Blogging to build community

For the seven years I have been involved in communicating on behalf of Mothers’ Union, I have used the following as my inspiration:

“Proclaim the mystery of Christ… clearly. Be wise in the way you act towards outsiders; make the most of every opportunity.”
(Colossians 4:3-5)

Back in early July I was startled to find that the central Mothers’ Union marketing dept couldn’t get it’s head round blog based content management – and the feedback from my posting on the matter (A blog isn’t a website?) was significant, particularly Adriana’s comment about “marketing not building relationships”.

There are many examples of individual, good Christian blogs — ones that build a community of readers. I currently follow five of them: A Man Breathing (in training for ministry), Gathering Grace (a rural parish priest), Maggi Dawn (college chaplain and musician), Bishop Alan, and fellow WordPress user Bishop Nick.

In all cases I feel I am learning something about them as people, what they are passionate about, what makes them tick, what irritates them, what their social concerns are, and in some cases how they cope with that thing called ‘life’. Frequently I am prompted to consider with what God wants me to engage.

All this contributes to being part of their community.

Bishop Nick is the Bishop for the Church of England’s Diocesan Communicators and in his Diocesan news when he launched his blog he said:

The brilliant thing about blogging is that it gets conversations (and occasional rows) going in the most odd places… I love the edgy engagement that it allows and am glad the Church can get stuck into this space.

The idea of using blog software as content management for a community therefore seems a logical next step, which is why I took it when it was suggested to me. My hope is that people from all over the world will use it as a way to engage directly with what Mothers’ Union does. I want them to be inspired and resourced, and yes, perhaps commit to supporting it long-term.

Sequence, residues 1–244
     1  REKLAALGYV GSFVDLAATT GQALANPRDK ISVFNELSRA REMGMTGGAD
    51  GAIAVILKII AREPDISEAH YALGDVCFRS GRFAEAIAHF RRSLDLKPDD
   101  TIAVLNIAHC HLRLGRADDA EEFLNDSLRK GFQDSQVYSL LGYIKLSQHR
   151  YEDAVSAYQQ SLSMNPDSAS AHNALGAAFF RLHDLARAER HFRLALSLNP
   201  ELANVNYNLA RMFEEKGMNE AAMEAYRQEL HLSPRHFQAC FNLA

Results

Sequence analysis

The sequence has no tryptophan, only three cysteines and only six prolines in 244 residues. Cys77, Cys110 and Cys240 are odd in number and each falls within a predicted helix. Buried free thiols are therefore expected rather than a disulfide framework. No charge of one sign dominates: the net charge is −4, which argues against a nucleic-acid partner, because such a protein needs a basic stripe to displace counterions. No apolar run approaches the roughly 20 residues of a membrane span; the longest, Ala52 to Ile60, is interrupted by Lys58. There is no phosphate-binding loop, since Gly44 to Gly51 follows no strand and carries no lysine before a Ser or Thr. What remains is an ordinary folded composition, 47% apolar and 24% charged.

This is, in part, marketing, but more than that it builds relationships and communities of like minded people. To use the jargon of an (ex) CEO at the sharp end of computing, I want MU (and Christians generally) to be active members of the new Participation Age — not just passive members of the old Information Age.

It’s a pity then that some of those who’ve been inspired to use blog software for content management on a community website often don’t enable comments and therefore aren’t building a participating community. Fellow Mothers’ Union WordPress users in Manchester are one example, and I look forward to discussing with them at our September Marketing Conference why they do this! I’m sure you can find other examples.

It’s also a pity that web software has created a generation of users who don’t, and are perhaps scared to, interact with a website. Perhaps that in part is the reason why the Mothers’ Union site I maintain is not generating comments – yet I am sure that people do have views about Mothers’ Union work in social policy, overseas development, or family life which they would like to express.

I have heard Christianity condemned as a means of controlling people, telling them how they should think, and why they should think it. If Christians use blogging software without comments enabled, are we feeding the mis-conception that we peddle a command and control mentality? Where is the freedom in Christ and the boldness of the Holy Spirit in the power of which we are called to witness (Acts 5:29)?

I do wonder how many Christian communities using the web are really making the most of every opportunity to inspire participation in the Gospel? It may be a step outside our comfort zone, just as any other form of ministry, but I do believe using the full capabilities of blog software for on-line Christian communities is definitely a “space” that those of us doing the building, need to get “stuck into”.

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I may look forward…

Received a letter today from the Warden of Readers that makes it official:

“In the view of those responsible for initial Reader Training you have successfully completed the Reader Training Programme and may look forward to being Licensed on 3rd October 2009.”

So I am really to be a Reader or if you prefer the terminology, Licensed Lay Reader. I feel rather odd about it really: still not quite sure I’m really up to the role, not feeling really like I can be a minister; but in the good moments sure of a calling to do these preaching, teaching  things and try and make a difference in the world for God.